We discussed the ongoing replication crisis in the sciences, wherein it has proven difficult or impossible for researchers to independently verify results of previously published studies.

We started off the lecture by talking about how to evaluate research findings. Namely, how can you assess whether the results of a study are believable and/or important?

We took the optimistic view that most researchers are honest, although there are some exceptions. For instance, a recent study by LaCour and Green reported that a single conversation with canvassers had lasting impact on support for gay marriage. But soon after the study was published, Broockman, Kalla, and Aronow found some irregularities in the data. The paper was later retracted on account of the data being fabricated using the results of a previous study. Broockman and Kalla then proceeded to carry out their own version of such a study, and ironically found support for the original hypothesis.

While such instantces of fraud are rare, there are other, more common concerns among published studies. The first is reproducibility, or whether one can independently verify the results of a study with the same data and same code used in the original paper. Though a low bar, most research currently doesn’t pass this test simply because it’s often the case that papers are published without all of the supporting data or code. And when the data and code are available, the code can be surprisingly difficult to understand or run, especially when there are complex software dependencies. This is improving as researchers adopt better software engineering practices and develop guildelines, best practices, and incentives for reproducibility.

Next we discussed replicability, or whether a result holds when a study is repeated with new data but the same analysis as the original paper. The main issue here is that it’s easy to be fooled by randomness because noise can dominate signal in small datasets and asking too many questions of the data can lead to overfitting, even with large datasets. We looked at a seminal paper from the Open Science Collaboration, Estimating the reproducibility of psychological science, which conducts replications of 100 published psychology studies and finds that roughly a third replicate, often with smaller effect sizes than reported in the original studies.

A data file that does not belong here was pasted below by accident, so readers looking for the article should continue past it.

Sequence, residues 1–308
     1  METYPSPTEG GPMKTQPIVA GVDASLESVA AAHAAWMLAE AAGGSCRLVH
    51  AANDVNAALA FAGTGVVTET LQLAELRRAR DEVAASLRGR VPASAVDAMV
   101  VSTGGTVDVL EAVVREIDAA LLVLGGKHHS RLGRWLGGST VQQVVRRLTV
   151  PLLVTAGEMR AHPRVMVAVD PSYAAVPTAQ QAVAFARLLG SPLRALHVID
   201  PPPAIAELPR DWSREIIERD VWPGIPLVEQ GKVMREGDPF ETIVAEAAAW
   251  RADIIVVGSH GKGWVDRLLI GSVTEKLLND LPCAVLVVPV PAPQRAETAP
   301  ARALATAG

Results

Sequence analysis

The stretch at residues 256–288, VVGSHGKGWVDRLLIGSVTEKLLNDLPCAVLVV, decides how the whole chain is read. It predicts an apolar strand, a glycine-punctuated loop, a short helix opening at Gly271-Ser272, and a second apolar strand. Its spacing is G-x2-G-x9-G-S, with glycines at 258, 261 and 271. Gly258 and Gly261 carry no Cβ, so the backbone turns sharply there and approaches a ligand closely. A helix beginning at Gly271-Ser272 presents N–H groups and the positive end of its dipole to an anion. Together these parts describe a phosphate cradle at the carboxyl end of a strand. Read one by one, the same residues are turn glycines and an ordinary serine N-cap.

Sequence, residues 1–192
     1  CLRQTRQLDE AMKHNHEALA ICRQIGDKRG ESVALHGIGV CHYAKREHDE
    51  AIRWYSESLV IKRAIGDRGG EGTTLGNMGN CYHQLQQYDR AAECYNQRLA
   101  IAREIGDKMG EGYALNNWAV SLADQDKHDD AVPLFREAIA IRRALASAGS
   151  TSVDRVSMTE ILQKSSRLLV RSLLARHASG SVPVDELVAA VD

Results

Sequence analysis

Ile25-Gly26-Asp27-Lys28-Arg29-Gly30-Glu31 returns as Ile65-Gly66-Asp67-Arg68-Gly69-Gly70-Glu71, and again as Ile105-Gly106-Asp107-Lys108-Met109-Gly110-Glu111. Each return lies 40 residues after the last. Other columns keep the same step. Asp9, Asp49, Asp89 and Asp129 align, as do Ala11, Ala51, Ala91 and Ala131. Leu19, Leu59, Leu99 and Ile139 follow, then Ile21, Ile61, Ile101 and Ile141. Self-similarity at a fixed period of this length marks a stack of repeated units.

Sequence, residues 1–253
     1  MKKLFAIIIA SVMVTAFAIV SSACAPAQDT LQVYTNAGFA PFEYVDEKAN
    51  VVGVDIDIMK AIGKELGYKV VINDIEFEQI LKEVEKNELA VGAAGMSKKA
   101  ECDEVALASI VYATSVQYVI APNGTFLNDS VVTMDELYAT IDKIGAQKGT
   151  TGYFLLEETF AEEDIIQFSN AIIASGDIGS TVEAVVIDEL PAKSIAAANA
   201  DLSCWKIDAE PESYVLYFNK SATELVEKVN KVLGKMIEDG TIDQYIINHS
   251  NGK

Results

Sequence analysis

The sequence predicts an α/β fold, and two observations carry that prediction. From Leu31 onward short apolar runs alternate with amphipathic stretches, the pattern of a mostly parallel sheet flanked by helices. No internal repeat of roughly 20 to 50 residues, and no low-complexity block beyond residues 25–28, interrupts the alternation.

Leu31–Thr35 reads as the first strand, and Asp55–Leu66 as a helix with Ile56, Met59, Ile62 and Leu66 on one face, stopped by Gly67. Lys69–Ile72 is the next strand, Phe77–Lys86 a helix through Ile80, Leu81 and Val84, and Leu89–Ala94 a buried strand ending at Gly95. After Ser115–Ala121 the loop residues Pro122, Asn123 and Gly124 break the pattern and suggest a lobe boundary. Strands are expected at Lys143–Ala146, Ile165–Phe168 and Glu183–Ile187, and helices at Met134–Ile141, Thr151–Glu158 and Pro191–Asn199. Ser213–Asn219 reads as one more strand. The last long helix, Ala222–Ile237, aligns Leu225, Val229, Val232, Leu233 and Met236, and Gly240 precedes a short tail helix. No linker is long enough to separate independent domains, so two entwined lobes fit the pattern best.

This led us to a review of frequentist statistics, which although somewhat of a statistical ritual, is still an important one to understand, for better or worse. A short quiz on the topic highlighted that it’s easy for newcomers and trained professionals alike to misunderstand the meaning of p-values, hypothesis tests, and statistical significance. We reviewed null hypothesis testing through the lens of simulation, in contrast to the usual textbook approach of learning a battery of parametric tests.

At a high-level, null hypothesis testing asks “how (un)likely are the data I observed under a certain (null) model of the world”? If the data are sufficiently unlikely, we can reject this null model, otherwise our test is inconclusive. The catch is that we have to quantify what consititutes “sufficiently unlikely” and we have to make sure our experiment is actually powerful enough to reject the null when it’s false. In the Neyman-Pearson framework, we make choices based on the long-run error rates we’re willing to tolerate if this procedure is repeated over and over again. While this is usually taught using a reasonable amount of fancy math, we instead discussed it using brute force simulation, which allowed us to focus on the concepts instead of formulas and recipes. The basic idea is simple: if we’d like to know what to expect if the null model is actually true, we can just simulate many such experiments assuming it’s true, look at the distribution of outcomes, and compare what we actually see in the world to the results of our simulations. More details are in this notebook on simulation-based statistical inference and the scribed notes.

We’ll continue this discussion of statistics, reproducibility, replication, and evaluating research next week.